Innovation

The Games A.I. Can Win

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People have always loved games. Strategy board games date back thousands of years. Abstract rules with visible consequences, clear winners and losers: what's not to love?

You also couldn't build a better way to test artificial intelligence if you tried. A.I. testing often is making mistakes thousands of times until the mistakes are corrected.

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Every move in chess presents a different situation. This independence is known as a Markov property, and this continual re-evaluation makes for a perfect computer challenge.

That's what happened in 1996 and 1997, when IBM's Deep Blue played Russian master Gary Kasaparov. Playing twelve games overall, Deep Blue was able to triumph. It used "brute force" techniques, which calculated massive amounts of data as opposed to the machine learning we know today.

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Checkers always gets dissed as simplistic compared to chess. But in 1989, the University of Alberta team led by Jonathan Schaeffer had the ambitious goal of defeating the human World Checkers Champion.

"In 1990, Chinook became the first program in any game to win the right to play for a human World Championship," says the project's website. "The program lost the Championship match in 1992, but became Champion in 1994. By 1996, it became clear that the program was much stronger than any human, and Chinook was retired."

And you can play it today!

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Mortal Kombat is a brutal button-masher where the right combo can mean life or gruesome death. In 2016, grad students at the Israel Institute of Technology created the Retro Learning Environment (RLE), meant to tackle games on the SNES, as well as other systems.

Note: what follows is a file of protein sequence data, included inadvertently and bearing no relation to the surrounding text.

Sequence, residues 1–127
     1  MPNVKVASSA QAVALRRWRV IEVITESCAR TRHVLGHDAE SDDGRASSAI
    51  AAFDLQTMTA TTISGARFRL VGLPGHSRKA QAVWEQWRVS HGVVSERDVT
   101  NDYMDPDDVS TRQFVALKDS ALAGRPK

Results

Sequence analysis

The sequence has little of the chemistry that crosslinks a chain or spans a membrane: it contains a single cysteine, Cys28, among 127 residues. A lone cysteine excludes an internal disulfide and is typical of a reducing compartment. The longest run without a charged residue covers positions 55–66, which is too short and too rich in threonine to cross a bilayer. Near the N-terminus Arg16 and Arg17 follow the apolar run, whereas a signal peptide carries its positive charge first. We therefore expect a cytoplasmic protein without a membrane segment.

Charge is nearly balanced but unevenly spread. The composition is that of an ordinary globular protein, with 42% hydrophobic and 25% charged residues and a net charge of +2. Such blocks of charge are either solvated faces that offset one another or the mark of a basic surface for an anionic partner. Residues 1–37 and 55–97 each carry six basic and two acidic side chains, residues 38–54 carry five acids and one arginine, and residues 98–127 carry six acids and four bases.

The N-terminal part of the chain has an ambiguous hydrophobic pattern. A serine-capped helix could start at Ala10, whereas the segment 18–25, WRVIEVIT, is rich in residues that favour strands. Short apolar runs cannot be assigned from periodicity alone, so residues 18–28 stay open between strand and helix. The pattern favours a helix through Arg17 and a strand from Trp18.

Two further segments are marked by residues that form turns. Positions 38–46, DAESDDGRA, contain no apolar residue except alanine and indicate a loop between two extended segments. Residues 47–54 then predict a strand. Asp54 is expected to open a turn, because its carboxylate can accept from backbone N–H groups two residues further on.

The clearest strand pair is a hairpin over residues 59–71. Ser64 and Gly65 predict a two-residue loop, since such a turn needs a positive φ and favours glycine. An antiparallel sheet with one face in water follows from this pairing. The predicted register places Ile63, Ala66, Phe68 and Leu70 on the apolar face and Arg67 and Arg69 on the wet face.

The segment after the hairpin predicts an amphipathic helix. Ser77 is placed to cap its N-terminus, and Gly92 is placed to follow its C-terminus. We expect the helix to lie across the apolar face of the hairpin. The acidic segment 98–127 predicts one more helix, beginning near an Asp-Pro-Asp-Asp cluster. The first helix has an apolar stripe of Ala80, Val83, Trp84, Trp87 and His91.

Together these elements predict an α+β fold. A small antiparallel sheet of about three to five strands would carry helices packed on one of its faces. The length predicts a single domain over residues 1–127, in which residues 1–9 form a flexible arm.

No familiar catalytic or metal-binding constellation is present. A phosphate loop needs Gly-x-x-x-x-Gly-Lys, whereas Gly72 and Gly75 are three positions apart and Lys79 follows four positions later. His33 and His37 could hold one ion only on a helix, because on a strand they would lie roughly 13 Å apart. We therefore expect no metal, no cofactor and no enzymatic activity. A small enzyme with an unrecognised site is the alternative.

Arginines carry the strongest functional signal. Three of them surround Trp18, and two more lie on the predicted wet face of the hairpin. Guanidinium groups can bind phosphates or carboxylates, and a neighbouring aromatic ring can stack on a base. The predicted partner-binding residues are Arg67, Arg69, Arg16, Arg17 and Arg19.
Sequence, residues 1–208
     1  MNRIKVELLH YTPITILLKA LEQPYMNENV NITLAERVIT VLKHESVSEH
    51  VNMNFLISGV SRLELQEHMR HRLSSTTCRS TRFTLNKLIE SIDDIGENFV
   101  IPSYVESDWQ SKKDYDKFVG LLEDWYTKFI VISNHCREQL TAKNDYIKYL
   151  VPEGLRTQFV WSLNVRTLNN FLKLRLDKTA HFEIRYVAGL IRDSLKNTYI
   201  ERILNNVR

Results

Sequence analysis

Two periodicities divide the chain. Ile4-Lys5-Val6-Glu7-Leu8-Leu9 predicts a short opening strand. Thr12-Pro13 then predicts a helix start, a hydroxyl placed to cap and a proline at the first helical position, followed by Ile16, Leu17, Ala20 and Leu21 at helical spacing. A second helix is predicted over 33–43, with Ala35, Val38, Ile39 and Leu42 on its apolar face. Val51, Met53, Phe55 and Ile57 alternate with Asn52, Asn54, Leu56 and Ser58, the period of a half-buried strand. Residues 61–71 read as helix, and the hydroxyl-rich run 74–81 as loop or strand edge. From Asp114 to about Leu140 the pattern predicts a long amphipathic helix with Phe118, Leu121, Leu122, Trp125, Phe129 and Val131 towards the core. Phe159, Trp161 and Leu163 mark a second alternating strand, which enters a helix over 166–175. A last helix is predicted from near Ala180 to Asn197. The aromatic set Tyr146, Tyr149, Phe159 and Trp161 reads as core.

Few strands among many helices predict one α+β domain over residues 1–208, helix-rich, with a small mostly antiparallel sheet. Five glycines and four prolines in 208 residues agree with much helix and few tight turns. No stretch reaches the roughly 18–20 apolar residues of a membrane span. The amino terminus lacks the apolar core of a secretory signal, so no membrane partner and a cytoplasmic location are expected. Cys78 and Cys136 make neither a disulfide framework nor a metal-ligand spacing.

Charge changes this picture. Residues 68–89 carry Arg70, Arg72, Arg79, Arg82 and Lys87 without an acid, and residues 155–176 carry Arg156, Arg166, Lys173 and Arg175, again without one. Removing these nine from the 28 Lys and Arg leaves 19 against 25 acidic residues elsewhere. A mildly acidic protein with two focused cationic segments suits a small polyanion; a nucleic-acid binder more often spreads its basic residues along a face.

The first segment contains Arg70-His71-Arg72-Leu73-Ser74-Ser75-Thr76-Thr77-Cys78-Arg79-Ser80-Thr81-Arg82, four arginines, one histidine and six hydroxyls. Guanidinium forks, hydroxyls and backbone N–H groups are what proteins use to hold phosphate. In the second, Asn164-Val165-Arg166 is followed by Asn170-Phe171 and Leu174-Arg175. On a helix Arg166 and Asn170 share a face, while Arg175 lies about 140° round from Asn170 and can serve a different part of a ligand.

It was a struggle. "Only in the game Mortal Kombat," the students wrote at the time, "a trained agent was able to surpass a expert human player performance as opposed to Atari games where the same algorithms have surpassed a human player on the vast majority of the games."

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There are games within Minecraft, but the sandbox game has no clear victory. Microsoft's Project Malmo, which the company calls "an open source experimentation platform built on top of Minecraft."

Malmo wants AI to think holistically, the type of thinking that realizes how crafting works and which objects are needed in a specific situation. In 2017, they were working towards catching pigs.In 2018, it evolved towards collaboration.

By 2019, they were finding rare diamonds.

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After conquering checkers, the University of Alberta team set their ambitions towards poker.

“Poker has been a longstanding challenge problem in artificial intelligence,” said Michael Bowling, U of A professor in 2017. “It is the quintessential game of imperfect information in the sense that the players don’t have the same information or share the same perspective while they’re playing.”

“We train our system to learn the value of situations,” said Bowling. “Each situation itself is a mini poker game. Instead of solving one big poker game, it solves millions of these little poker games." It beat 33 professionals from around the world, so those games paid off.

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These days, you don't need a super computer to create a neural network. In 2017, programmer SethBling trained a recurrent neural network to play Mario Kart and win the Mushroom Cup all by himself.

While it's not the most complex AI, based off predictions its learned from watching hours of Bling drive, it was good enough for gold. He made a YouTube video explaining what he did.

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No game can match the challenge to AI presented by Go. With too many possibilities to brute force like DeepBlue, the AlphaGo team needed their AI to learn and adapt to the many challenges of the ancient game.

After years of training, the AlphaGo system finally took on South Korean Go master Lee Sedol, it won 4 games out of 5. With Go mastered, it's hard to imagine a game an AI can't eventually win.

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